Nowadays, a cybernetic entity will tell me which keyword to use to better reach a goal, which part of the page a user liked (or disliked), which color to use, which wording, or which design works better. And in return, I’ll try to please those cybernetic entities in a mutual synergy. So, is this HCI or XCI? I think the answer is more than evident.
Just in case someone didn’t notice it: it’s called User Experience Research. I’m talking about measuring user experience results, or how actors interact with UI. And for that, I use tools like Google Analytics, Hotjar, Ahrefs and many more tools based on AI (artificial intelligence).
QUX: accurate design for custom, personalized experiences
The best part is that the concept of XCI (between other QUX concepts) is way more accurate, faster and affordable than any existing UXD framework. We can design experiences that reach any level of complexity and test them immediately. Not only complexity: we can design millions of experiences at a touch of a button, test them in a specially design UI and research with users even without any human intervention.
Long gone are the days of “5 testers are enough”. We can test with thousands, or even millions, in any place of the world, at any time. Considering language, culture, age, activities they engage, groups of affinity…
So yes, we can design these experiences under the good old HCI premises we all embraced at some point. Or we can embrace XCI, let a non-human entity analyze zillions of megabytes of info, create statistical analysis and design a perfect multidimensional experience for each and every user.
And when I say “design for each and every user”, it is not a dialectical error. I mean it is possible to create millions of different custom designs for each person using QUX and XCI
And this design is not limited to a HCI experience. Quite the contrary: XCI allows us to design multi-dimensional experiences that retarget users at different points of their own life experiences.
How to design an XCI experience
What about this? Let’s say I design some QUX system to sell fine wines. I define some parameters based on available research. I don’t even need to create UX personas (although it would be a good idea to do it). I can replace personas based on limited research with real users using statistical analysis from thousands of possible users.
So now I design a UI (user interface) for this project. Note that we’re still in the HCI dimension. However, I’ll design this slightly differently: instead of some rigid “this element goes here, that element goes there” approach I design it in a fluid, multidimensional way. Which means all elements of the UI might or might NOT be there according to certain conditions. Furthermore: they don’t even need to be in the same place, have the same color or wording or anything.
So now comes the fun. I completely move away from HCI and go deep to XCI: once I start to get data from my campaign, I design an AI entity that serves the different UI mentioned above. And not only that: this AI entity may connect to smart home devices, or DOOHA ads . It could send an alert to your phone once you’re close to a shop selling our fine wines. And this robot AI not only will analyze your interaction and answers to all these stimulii. It will also get information about other products it can sell to you.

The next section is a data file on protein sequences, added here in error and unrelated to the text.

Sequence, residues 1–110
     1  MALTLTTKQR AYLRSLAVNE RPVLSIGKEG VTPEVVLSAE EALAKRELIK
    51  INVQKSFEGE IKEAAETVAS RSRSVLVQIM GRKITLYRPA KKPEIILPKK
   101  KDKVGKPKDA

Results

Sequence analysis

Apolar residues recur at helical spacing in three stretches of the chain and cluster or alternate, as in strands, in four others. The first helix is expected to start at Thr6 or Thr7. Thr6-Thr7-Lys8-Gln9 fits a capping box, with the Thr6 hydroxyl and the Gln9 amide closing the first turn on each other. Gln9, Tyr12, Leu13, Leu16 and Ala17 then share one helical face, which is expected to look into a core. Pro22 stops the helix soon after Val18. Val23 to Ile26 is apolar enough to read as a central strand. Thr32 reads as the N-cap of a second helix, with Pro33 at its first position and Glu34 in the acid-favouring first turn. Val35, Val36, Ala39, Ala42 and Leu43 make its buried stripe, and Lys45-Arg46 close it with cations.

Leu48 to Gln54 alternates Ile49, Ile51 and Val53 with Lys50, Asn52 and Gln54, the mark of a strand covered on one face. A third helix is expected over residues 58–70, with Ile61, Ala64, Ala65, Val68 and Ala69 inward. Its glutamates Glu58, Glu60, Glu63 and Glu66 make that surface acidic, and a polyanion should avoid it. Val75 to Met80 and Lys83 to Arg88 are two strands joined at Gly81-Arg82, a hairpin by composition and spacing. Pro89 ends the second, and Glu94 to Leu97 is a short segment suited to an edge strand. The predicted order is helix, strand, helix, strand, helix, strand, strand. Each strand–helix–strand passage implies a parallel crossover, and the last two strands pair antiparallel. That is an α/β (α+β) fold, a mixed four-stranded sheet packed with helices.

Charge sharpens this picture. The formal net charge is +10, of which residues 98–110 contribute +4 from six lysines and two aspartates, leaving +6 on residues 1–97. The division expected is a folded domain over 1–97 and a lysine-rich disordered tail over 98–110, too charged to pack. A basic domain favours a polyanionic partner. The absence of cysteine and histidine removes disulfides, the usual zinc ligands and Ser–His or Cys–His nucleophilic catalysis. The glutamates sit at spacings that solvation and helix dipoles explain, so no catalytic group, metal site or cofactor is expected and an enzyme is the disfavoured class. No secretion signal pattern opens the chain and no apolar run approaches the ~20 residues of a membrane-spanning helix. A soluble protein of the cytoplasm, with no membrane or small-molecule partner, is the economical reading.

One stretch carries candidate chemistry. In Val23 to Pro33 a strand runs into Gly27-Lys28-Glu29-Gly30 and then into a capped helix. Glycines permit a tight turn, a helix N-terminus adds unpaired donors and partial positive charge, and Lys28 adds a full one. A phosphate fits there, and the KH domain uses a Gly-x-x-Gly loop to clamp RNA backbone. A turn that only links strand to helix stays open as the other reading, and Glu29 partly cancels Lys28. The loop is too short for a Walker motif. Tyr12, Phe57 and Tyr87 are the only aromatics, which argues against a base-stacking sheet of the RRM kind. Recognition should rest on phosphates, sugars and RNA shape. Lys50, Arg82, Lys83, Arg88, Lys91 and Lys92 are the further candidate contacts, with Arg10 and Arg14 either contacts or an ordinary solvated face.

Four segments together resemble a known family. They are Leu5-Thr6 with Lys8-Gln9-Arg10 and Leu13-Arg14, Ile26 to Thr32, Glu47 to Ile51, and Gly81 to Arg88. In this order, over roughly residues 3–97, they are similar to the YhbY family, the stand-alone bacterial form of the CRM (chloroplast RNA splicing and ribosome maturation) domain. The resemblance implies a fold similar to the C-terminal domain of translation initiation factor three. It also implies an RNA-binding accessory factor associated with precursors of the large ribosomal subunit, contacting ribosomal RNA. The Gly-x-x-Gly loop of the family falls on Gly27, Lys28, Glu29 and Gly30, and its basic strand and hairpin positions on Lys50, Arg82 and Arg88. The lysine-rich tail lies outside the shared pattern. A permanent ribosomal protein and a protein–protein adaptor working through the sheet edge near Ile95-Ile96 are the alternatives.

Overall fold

This is not science-fiction. This is science.
News flash: the future is already old.
Where does XCI stands in relation to other UX methodologies?
Finally, do you remember the image above where I showed a UML diagram for a common HCI process? Well, that diagram is very simple (it could also be more complex) because all the processes described in that diagram are sequential, linear and two-dimensional. This is one of the reasons why in UX we use frameworks like Design Thinking.
This is the design for a Design Thinking methodology:
As you can see, it shares something in common with the model previously mentioned: it’s linear, sequential and two-dimensional. There’s overlapping too, but Design Thinking basically requires that some step happens, then the other, then another one and so on, in a neverending process (hopefully!).
Well, XCI is very different. First, it is not a methodology or framework, but a small part of Quantum UX (QUX), a concept that contains different methodologies. Or even the idea of methods, techniques and methodologies that do not yet exist!
And if I were to represent a QUX design process on a diagram, it would be very different. First of all, it has to be three-dimensional. In fact, a diagram made under a QUX conceptualization would be multiform or directly amorphous. And a perfect QUX diagram would be infinite.
Anecdotically, this conceptualization is why our front page design has morphing shapes and our logo creates the letters U and X with morphing shapes. And also why you may not find the same content every time you visit it. And this is just a very simple use of QUX, just a simple inteface.
QUX and XCI conclusion
Cyber entities are part of the consideration of users in order to design more complete and complex QUX experience. And XCI is the only valid way to create such experiences.
Why Robots Must Learn to Tell Us “No” by Gordon Briggs y Matthias Scheutz
User Experience in Social Human-Robot Interaction by Alenljung, B., Lindblom, J., Anderasson, R. & T. Ziemke
How to Teach Your Robot in 5 Minutes: Applying UX Paradigms to Human-Robot-Interaction (PDF) by Martin Kraft and Markus Rickert